Like Mega Man 9 and 10, Dark Void Zero is a brand-new action platformer made in the 8-bit style of an NES game. The music and graphics won’t dazzle the senses of modern gamers, but anyone raised by Mario and Metroid will feel right at home here.
The gameplay is old-school too, with compass-point shooting, respawning bad guys, and moderately punishing difficulty. It’s not as hard as many older games, but if you cut your teeth on cushy modern titles, you’ll probably feel roughed up by the end of it. Run out of lives, and you stand to lose a lot of progress.
But the difficulty only makes success sweeter. You play as a lone soldier, infiltrating an alien world to stop them from invading Earth. To do this, you’ll fight through three sprawling Metroid-style levels, each with sealed-off sections requiring keycards and lever pulls to enter. You’re aided in your quest by none other than scientist Nikola Tesla himself, who radios you to give you tips and mark your objectives on your map.
Eat missile, Mother Brain!
The vicious aliens come in all shapes and sizes. By turns they fly, cling to walls, pace thoughtfully, or shoot heat-seeking missiles at you. Some even contain pink facehugger-like creatures that plop out when their host is killed, and slither disgustingly across the ground at you. When destroyed, enemies sometimes drop hearts that replenish your health. These come in very handy, particularly later in the game.
But what would a game with Nikola Tesla in it be without helpful gadgets? You can outfit yourself with a wide array of weapons and power-ups, but the coolest item by far is the jet pack. This is the game’s chief gimmick, and it’s great. Hovering through the air is a fun way to get around, and blasting baddies from above makes you feel like an untethered 8-bit superhero.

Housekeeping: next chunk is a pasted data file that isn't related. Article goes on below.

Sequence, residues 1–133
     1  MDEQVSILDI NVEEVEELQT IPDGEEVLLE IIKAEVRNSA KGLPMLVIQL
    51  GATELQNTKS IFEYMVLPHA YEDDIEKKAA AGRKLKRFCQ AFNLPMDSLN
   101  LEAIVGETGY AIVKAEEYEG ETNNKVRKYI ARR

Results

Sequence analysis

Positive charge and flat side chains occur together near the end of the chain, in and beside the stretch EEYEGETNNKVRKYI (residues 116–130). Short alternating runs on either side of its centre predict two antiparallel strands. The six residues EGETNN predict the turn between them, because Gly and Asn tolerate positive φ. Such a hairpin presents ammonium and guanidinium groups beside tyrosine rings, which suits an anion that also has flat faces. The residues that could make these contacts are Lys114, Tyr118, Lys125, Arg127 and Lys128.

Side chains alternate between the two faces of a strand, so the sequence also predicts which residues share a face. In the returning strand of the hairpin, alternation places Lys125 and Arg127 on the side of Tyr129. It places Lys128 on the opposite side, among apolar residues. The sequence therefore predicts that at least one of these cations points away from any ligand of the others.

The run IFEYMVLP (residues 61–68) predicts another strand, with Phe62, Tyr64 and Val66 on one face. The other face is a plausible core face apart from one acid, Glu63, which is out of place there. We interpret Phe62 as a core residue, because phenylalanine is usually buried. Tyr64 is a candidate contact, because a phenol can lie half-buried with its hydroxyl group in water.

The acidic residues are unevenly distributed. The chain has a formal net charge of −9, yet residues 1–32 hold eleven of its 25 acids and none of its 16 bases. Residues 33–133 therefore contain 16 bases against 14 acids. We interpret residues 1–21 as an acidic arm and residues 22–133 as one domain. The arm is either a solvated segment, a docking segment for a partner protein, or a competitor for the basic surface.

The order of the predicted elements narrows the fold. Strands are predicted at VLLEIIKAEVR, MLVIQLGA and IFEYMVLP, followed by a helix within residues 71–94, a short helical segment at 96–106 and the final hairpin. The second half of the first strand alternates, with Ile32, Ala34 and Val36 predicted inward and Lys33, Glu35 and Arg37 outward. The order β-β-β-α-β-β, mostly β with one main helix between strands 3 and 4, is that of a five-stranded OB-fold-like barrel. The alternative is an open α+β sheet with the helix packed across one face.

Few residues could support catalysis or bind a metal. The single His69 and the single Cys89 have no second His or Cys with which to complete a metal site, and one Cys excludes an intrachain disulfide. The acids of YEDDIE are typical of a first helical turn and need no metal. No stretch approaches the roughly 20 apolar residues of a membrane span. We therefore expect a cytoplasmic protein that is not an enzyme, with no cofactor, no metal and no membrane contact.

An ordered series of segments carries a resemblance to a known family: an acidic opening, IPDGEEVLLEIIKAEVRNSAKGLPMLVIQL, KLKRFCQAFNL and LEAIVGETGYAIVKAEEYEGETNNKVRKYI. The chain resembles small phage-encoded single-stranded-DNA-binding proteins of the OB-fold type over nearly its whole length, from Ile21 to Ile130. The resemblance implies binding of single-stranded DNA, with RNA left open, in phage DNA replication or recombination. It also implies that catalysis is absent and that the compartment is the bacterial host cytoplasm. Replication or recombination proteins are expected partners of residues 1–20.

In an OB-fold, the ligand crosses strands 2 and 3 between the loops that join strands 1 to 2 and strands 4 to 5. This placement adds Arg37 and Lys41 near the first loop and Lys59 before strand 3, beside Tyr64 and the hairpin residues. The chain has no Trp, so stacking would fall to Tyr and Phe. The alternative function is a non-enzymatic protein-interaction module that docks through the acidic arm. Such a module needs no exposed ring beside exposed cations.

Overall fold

The controls work exceptionally, with an onscreen D-pad and reversible buttons to jump and shoot. You’ll spend most of your time with your jetpack’s hovering function enabled, so we’re grateful that the responsive controls allow for precise movement in all directions. Of course, it’s not quite as tight as the Nintendo DSi’s physical D-pad, but that’s no surprise.
Spread shot: For when it absolutely, positive has to die.
Capcom also included iDevice-friendly details, like instant saving when you receive a call or hit the home button. The next time you boot up the game, you’re exactly where you left off, which is great. If you prefer your games to be stress-free, you can skip to any of the three levels from the start, and try them out on easy mode.
Also included is a surprisingly detailed fictitious history about how Dark Void had been in development for the NES in the late 1980s, but was scrapped when the more powerful SNES was released. The explanation’s tongue-in-cheek tone will be appreciated by hardcore gamers, while non-geeks can skip right over it.
Younger gamers might not have the patience to make their way through a game that looks and feels 20 years old, but for people who grew up on Metroid, Contra, Ninja Gaiden and the like, it’s a great reminiscence.